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MIRM is an uncommon condition, with most reports being in the pediatric age group.[1] In the past, the condition was labelled as atypical SJS, incomplete SJS or Fuch's syndrome. Mucositis, the most prominent and consistent sign of MIRM, follows respiratory symptoms usually by a period of few days to a week.[2] Oral mucosa is most commonly involved (94%) followed by ocular (82%) and urogenital mucosa (63%).[3] Canavan et al.[3] classified MIRM into 3 types depending on the pattern of cutaneous rash: Classic MIRM with sparse skin involvement; MIRM sine rash with no significant skin involvement; and Severe MIRM with widespread skin involvement. The precise pathomechanism is still unknown, but thought to involve either direct cytotoxicity or cross-reacting autoantibodies aimed at the glycolipidantigens of M pneumonia e.[4] The cutaneous involvement is akin to SJS/TEN with vesiculobullous lesions, targetoid plaques, papules, macules and morbilliform eruptions.

The skin involvement is however mostly sparse (47%) or absent (34%) and less commonly moderate (19%).[3] Diagnosis requires a high index of suspicion in view of clinical similarity to EM/SJS/TEN.[5] A misdiagnosis has both short-term and long-term implications. Apart from the more frequent pulmonary disease, which is due to the M.pneumoniae infection itself, MIRM is a much milder disease than SJS/TEN, with rare mortality. Empiric antibiotic therapy is mostly given but probably does not shorten the course of the disease.[1] Limited data suggests that antibiotics instituted early in the course of atypical pneumonia doesnot decrease the incidence of MIRM.[4] Immunomodulatory/immunosuppressive treatment as given for SJS/TEN is generally not required.[3] Further wrongful implication of drugs leads to unnecessary life-long avoidance.

Declaration of patient consent

The authors certify that they have obtained all appropriate patient consent forms. In the form the patient(s) has/have given his/her/their consent for his/her/their images and other clinical information to be reported in the journal. The patients understand that their names and initials will not be published and due efforts will be made to conceal their identity, but anonymity cannot be guaranteed.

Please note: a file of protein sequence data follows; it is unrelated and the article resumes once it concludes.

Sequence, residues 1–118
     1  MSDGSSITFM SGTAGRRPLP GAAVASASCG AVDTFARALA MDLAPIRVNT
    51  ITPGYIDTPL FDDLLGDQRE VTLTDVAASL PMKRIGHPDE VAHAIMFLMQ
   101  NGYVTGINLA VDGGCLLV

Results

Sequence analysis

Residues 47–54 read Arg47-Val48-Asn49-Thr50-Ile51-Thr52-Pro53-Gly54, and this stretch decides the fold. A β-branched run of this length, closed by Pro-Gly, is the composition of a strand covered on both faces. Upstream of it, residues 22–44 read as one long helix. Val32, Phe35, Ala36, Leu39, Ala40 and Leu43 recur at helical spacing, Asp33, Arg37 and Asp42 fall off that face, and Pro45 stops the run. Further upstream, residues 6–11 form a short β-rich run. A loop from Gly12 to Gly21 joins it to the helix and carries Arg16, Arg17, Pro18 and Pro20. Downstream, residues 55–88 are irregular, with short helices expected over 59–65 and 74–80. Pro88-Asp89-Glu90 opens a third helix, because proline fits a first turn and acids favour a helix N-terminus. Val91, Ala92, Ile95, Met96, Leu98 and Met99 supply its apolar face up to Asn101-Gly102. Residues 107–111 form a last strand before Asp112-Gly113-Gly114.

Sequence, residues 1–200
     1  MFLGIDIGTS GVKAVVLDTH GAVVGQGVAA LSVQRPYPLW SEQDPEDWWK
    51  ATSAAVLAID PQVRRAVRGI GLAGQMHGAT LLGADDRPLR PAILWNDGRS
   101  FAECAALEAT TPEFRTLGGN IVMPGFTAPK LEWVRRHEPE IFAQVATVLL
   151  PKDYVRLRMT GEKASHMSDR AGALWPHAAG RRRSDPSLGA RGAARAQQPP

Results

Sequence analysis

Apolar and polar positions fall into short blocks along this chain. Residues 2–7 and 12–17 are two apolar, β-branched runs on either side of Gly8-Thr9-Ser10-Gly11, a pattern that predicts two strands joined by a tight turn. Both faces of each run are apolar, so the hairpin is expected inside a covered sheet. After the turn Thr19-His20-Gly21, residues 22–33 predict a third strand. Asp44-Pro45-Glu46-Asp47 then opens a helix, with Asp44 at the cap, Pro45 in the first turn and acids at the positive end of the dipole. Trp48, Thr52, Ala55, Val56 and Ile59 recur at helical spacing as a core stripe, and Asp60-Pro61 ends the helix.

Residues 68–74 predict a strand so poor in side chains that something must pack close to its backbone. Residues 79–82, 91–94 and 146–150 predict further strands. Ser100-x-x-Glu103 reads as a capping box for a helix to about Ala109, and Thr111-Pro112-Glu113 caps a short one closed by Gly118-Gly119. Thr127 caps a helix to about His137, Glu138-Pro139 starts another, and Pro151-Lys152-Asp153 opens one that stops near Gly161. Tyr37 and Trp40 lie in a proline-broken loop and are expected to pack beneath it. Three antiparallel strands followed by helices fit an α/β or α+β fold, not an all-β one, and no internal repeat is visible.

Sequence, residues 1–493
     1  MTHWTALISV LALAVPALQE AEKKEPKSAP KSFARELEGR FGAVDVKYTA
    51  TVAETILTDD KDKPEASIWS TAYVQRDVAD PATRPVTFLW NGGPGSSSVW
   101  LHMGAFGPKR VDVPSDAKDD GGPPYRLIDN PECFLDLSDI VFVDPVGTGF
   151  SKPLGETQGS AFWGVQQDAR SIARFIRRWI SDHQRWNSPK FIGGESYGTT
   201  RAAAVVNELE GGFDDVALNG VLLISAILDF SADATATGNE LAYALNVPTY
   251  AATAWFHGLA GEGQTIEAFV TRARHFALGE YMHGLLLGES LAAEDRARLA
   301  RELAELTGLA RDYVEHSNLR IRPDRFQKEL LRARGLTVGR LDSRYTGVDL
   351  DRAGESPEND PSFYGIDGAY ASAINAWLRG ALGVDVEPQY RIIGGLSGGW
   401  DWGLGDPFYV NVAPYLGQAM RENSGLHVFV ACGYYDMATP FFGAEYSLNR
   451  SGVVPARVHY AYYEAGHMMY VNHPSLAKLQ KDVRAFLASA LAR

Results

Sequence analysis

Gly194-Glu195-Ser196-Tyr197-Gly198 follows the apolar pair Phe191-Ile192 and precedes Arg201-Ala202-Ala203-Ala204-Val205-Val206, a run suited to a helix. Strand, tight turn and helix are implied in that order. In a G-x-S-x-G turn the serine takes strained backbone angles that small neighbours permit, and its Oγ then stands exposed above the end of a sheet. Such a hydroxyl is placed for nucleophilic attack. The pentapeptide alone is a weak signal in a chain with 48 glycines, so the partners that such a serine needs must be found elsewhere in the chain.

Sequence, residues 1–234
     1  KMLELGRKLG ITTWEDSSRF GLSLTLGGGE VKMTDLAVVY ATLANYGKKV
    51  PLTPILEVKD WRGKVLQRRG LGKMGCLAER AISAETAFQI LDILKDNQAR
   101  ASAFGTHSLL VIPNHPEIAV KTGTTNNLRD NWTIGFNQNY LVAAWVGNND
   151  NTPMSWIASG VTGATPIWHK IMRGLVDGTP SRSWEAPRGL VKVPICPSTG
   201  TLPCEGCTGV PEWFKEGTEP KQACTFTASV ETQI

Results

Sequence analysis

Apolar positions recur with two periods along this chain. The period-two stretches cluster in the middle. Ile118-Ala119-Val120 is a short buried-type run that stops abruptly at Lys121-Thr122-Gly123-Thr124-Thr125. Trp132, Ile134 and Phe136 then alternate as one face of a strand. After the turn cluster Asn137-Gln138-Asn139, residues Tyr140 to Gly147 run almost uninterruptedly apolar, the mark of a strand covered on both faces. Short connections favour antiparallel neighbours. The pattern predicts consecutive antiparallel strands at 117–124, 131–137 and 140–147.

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Conflicts of interest

There are no conflicts of interest.

   References Top

Schalock PC, Dinulos JG. Mycoplasma pneumoniae-induced cutaneous disease. Int J Dermatol 2009;48:673-80.  Back to cited text no. 1
Bressan S, Mion T, Andreola B, Bisogno G, Da Dalt L. Severe Mycoplasma pneumonia-associatedmucositis treated with immunoglobulins. Acta Paediatr 2011;100:e238-40.  Back to cited text no. 2
Canavan TN, Mathes EF, Frieden I, Shinkai K. Mycoplasma pneumoniae-induced rash and mucositis as a syndrome distinct from Stevens-Johnson syndrome and erythema multiforme: A systematic review. J Am Acad Dermatol 2015;72:239-45.  Back to cited text no. 3
Frantz GF, McAninch SA. Mycoplasma Mucositis. StatPearls [Internet]. Treasure Island (FL): StatPearls Publishing; 2019.  Back to cited text no. 4
Santos RP, Silva M, Vieira AP, Brito C. Mycoplasma pneumoniae-induced rash and mucositis: A recently described entity. BMJ Case Rep 2017;2017. doi: 10.1136/bcr-2017-220768.  Back to cited text no. 5


  [Figure 1], [Figure 2]